According to Roganov and Karsakov (1991), the deposit was formed in three main phases, namely:
• An early stage, including orthoclase-plagioclase-quartz, carbonate-apatite, sulphate and carbonate-hematite assemblages;
• An intermediate stage that includes microcline-albite-quartz and chlorite-epidote-serpentine assemblages, and
• A late stage, comprising calcite-apatite and chlorite-epidote-serpentine assemblages.
  The carbonate-apatite assemblage of the early stage forms the bulk of the apatite mineralisation. Martite (hematite pseudomorphed after magnetite) forms 10 to 50 vol.% of the metasomatites. The apatite occurs as hydroxide-fluorapatite (Bulakh et al., 1990; Roganov and Karsakov, 1991). REE are also concentrated in allanite and monazite. The deposit is characterised by the extensive occurrence of various breccias. According to Bulakh et al. (1990), breccias are abundant in association with the dolomite-apatite and carbonate-quartz-martite-apatite ores in particular, while the ores themselves have also been brecciated. These breccias comprise 20 to 25 and locally up to 50 vol.%, ore fragments and lesser gneisses, with smaller fragments composed of broken apatite, microcline and quartz crystals, serpentine aggregates and fine-grained anhydrite. The breccia is cemented by a fine-grained mylonite-like matrix composed of dolomite, hematite and apatite, with the latter forming 35 to 75 vol.% of the rock. Another style of breccia is represented by dense, finely dispersed mylonites, containing 1 to 70 mm fragments of cataclastic apatite (70 to 80 vol.% of the total fragments) and quartz crystals, with minor chlorite, serpentine, feldspars, dolomite, hematite, etc., cemented by a matrix of fine-grained hematite-dolomite and hematite-quartz.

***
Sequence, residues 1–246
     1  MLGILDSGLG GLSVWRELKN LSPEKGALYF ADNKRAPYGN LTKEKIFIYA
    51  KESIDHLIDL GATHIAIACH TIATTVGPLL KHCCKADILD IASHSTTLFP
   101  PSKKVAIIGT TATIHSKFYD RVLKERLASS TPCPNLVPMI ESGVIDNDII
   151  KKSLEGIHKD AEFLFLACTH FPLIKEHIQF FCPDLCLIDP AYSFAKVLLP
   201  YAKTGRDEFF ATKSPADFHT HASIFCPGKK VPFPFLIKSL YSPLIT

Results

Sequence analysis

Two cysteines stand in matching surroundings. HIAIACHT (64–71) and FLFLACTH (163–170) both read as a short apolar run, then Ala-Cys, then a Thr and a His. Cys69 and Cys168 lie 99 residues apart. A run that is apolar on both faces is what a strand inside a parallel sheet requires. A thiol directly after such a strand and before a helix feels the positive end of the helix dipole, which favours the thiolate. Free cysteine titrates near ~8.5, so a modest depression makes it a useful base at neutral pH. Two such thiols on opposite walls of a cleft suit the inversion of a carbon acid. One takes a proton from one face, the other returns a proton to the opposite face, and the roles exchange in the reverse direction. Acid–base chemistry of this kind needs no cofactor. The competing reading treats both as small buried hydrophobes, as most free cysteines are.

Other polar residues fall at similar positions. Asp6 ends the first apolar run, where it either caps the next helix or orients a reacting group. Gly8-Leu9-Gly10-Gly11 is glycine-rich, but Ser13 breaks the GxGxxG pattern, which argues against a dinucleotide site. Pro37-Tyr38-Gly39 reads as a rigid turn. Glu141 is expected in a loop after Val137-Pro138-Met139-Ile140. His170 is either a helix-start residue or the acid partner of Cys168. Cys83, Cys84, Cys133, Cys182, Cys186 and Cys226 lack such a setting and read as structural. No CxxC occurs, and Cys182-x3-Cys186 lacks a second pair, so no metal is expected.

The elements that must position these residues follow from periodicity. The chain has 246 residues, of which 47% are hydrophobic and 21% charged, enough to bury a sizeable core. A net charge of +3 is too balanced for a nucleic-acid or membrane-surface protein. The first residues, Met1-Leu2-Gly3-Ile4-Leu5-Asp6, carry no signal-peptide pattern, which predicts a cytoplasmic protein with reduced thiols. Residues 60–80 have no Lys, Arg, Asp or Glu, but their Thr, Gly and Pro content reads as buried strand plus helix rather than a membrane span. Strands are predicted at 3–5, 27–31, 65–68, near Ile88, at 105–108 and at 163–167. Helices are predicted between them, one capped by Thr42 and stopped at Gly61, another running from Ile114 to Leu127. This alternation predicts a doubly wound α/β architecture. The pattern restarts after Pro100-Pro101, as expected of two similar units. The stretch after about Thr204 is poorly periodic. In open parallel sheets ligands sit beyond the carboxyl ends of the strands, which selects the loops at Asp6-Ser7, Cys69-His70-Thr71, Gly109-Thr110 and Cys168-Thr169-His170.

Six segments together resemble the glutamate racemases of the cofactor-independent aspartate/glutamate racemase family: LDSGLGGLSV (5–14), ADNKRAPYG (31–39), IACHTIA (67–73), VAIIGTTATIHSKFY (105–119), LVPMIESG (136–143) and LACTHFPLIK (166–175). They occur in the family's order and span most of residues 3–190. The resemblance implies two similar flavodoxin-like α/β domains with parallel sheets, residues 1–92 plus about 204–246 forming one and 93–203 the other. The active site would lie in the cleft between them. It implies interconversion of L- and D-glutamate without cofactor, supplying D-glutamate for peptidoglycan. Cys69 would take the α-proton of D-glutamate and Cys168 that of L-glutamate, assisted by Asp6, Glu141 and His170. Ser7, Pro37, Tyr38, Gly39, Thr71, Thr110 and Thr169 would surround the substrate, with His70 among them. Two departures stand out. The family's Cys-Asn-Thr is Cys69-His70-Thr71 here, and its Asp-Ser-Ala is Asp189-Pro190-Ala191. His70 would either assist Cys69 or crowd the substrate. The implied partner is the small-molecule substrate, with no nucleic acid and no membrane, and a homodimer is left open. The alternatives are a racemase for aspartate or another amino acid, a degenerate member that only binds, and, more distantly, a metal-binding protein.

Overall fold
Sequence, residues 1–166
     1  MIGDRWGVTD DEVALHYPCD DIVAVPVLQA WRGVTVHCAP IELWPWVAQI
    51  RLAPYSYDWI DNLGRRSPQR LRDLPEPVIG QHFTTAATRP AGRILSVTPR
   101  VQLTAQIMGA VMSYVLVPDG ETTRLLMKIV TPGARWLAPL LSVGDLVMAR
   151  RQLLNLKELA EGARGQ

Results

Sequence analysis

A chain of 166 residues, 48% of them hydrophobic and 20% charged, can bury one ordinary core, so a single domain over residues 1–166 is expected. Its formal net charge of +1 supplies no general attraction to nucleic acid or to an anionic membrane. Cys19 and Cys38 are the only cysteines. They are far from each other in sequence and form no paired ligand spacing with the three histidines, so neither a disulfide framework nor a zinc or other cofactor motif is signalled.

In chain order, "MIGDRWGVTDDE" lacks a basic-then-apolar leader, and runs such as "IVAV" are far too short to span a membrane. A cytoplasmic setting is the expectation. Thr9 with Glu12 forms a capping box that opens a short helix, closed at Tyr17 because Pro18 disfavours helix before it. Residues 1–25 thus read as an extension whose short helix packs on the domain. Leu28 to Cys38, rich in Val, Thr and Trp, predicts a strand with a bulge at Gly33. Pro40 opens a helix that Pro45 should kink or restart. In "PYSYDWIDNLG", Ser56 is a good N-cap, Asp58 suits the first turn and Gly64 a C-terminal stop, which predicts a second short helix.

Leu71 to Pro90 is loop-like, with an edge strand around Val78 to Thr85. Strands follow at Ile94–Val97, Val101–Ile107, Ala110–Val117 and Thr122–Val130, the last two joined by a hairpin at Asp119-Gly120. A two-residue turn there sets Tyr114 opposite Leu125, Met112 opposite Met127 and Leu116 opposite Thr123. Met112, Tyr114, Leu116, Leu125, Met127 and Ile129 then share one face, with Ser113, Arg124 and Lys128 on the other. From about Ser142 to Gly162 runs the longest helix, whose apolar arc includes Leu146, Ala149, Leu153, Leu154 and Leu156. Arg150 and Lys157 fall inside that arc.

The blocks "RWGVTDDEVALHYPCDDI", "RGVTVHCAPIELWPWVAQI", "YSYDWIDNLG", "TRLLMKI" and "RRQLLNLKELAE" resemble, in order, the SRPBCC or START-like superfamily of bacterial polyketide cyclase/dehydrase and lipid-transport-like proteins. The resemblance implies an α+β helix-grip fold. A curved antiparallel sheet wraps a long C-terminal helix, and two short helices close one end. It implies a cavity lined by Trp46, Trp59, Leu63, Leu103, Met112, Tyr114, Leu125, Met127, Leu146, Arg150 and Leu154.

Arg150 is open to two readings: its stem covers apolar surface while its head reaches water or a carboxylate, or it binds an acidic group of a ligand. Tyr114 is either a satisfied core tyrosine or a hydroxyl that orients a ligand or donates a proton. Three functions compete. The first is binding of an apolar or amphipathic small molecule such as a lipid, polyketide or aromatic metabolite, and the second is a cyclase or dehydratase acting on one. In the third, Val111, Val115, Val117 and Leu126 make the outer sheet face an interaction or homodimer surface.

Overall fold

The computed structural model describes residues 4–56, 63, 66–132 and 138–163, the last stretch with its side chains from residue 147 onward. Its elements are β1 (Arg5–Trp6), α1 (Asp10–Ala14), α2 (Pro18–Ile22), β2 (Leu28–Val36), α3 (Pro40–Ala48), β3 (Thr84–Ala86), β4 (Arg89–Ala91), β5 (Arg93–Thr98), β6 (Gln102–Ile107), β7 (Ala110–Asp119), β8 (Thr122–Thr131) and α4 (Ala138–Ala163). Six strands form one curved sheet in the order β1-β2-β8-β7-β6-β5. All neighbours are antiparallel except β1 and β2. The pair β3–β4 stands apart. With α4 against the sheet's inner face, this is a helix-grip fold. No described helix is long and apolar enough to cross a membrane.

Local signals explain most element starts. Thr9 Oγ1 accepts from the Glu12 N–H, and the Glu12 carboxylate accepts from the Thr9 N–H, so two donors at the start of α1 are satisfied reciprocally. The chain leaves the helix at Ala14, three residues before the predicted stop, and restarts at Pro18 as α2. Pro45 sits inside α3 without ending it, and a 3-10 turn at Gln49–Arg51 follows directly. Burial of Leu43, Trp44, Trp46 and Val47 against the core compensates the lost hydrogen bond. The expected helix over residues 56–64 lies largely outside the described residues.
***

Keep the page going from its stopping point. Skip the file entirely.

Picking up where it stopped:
Dating of the early apatite-carbonate ores include Pb-U-Th isochron ages of 1990 to 1870 Ma, and a Pb-Pb isochron age of 1840±90 Ma. Pb-U-Th and U-Pb ages of apatite were 1850±15 Ma and 1800 Ma, respectively (Bulakh et al., 1990), indicating a Palaeoproterozoic age. The late hydrothermal event may be Mesozoic, as thin apatite-calcite rims are observed along the contacts of some Mesozoic syenite and shonkinite dykes. With the exception of these younger (Mesozoic) dykes, no igneous rocks have been confidently identified in association with the deposit. Two alternate origins have been suggested: i). A metamorphic origin, resulting from the metamorphism of phosphatic dolomites, supported by the regional distribution of apatite-carbonate lenses in the host Archaean metamorphic rocks; ii). a variety of low-alkaline carbonatite. Most authors suggest a metasomatic origin for the early apatite-carbonate ores resulting from fluid flow in zones of deep-seated faults and their intersections (Bulakh et al., 1990; Roganov and Karsakov, 1991).